Date Published: August 1, 2019
Publisher: Public Library of Science
Author(s): Peter Burger, Soeradj Kanhai, Alexander Pleijter, Suzan Verberne, Sabrina Gaito.
Commercially motivated junk news–i.e. money-driven, highly shareable clickbait with low journalistic production standards–constitutes a vast and largely unexplored news media ecosystem. Using publicly available Facebook data, we compared the reach of junk news on Facebook pages in the Netherlands to the reach of Dutch mainstream news on Facebook. During the period 2013–2017 the total number of user interactions with junk news significantly exceeded that with mainstream news. Over 5 Million of the 10 Million Dutch Facebook users have interacted with a junk news post at least once. Junk news Facebook pages also had a significantly stronger increase in the number of user interactions over time than mainstream news. Since the beginning of 2016 the average number of user interactions per junk news post has consistently exceeded the average number of user interactions per mainstream news post.
Social media and Facebook in particular have become a major gateway to news. Large numbers of people access news through social media, as shown by survey data from the Reuters Digital News Report . In the US, 45% of respondents used social media for news consumption on a weekly basis, with Facebook being the leading source. Unfortunately, not all news spread by social media consists of high-quality, well-edited content. An important factor in the quality of Facebook’s news feed is the widely discussed presence of ‘fake news’ and clickbait on the platform. Over the last years there has been an alleged rise in low-quality, and even completely fabricated news on social media .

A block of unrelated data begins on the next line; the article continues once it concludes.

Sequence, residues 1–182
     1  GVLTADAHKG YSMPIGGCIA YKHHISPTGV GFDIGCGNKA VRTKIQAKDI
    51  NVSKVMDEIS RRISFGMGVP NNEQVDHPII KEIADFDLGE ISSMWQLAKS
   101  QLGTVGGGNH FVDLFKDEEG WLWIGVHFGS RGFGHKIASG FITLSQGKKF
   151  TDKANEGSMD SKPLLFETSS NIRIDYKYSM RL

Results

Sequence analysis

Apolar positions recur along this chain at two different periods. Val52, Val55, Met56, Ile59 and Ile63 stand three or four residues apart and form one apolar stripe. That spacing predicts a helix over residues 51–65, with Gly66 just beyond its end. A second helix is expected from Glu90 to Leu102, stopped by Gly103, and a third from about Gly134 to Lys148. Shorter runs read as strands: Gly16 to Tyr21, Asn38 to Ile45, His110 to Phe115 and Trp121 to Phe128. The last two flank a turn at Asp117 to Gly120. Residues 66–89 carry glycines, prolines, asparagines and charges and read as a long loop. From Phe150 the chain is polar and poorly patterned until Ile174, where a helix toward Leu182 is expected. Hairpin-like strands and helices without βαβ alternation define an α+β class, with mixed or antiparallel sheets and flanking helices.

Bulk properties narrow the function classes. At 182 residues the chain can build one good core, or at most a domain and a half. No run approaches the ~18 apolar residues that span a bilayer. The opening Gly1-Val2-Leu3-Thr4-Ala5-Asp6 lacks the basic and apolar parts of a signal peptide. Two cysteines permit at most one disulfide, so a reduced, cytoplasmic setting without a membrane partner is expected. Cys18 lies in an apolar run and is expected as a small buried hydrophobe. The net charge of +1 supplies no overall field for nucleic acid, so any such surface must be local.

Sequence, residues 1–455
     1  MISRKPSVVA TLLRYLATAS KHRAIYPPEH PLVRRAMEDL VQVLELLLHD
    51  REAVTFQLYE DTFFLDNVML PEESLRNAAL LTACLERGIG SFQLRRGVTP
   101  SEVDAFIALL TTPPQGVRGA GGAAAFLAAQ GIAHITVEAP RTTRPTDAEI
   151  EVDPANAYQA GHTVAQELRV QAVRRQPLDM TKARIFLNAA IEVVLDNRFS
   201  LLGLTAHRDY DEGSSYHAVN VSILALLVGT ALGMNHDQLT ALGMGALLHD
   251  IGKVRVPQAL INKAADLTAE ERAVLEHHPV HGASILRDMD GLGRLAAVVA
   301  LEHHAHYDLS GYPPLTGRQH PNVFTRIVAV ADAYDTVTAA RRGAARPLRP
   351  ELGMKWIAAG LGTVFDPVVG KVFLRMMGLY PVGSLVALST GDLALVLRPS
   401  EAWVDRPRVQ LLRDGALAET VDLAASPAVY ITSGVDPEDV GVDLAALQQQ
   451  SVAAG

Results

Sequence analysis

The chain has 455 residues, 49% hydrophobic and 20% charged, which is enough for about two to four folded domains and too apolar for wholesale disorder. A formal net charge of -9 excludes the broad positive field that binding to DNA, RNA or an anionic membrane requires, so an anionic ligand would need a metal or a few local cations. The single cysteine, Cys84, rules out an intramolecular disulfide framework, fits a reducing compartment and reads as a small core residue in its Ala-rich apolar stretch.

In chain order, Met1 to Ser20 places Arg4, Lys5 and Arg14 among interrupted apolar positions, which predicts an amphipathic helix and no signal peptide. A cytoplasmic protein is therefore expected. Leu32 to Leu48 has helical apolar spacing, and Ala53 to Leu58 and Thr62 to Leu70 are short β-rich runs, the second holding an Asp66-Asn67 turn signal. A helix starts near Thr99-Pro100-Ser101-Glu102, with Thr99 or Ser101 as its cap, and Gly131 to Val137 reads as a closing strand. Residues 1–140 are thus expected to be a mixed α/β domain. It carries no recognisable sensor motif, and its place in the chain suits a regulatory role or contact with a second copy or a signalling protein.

We compiled two seed lists of sites that we included in our sample: one of junk news sites and one of mainstream news sites.
Quantitative research has mostly overlooked the phenomenon of money-driven junk news, focusing on junk news and fake news characterized by political content and ideological motivation. Whereas the audience for political fake news is relatively small, consisting of politically polarized, heavy media users [23,24], commercial junk news appears to reach the broad audience it aims for. We have shown that commercial junk news receives significantly more user interactions (reactions, comments and shares) than mainstream news on Facebook. Hiding in plain sight, this category does not strive for brand recognition or loyalty. We have demonstrated that the reach of this kind of news warrants academic attention.
We studied the reach of commercial junk news on Facebook, by analysing 117 thousand posts published by 63 junk news pages and 20 mainstream news pages in the Netherlands.